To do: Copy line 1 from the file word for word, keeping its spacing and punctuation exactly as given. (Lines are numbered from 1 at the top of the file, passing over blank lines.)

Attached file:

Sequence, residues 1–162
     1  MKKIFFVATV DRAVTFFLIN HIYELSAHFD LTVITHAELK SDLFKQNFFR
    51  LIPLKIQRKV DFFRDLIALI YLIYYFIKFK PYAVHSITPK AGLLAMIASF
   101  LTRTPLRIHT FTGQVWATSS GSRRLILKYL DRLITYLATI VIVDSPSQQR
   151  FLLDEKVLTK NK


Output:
Sequence, residues 1–162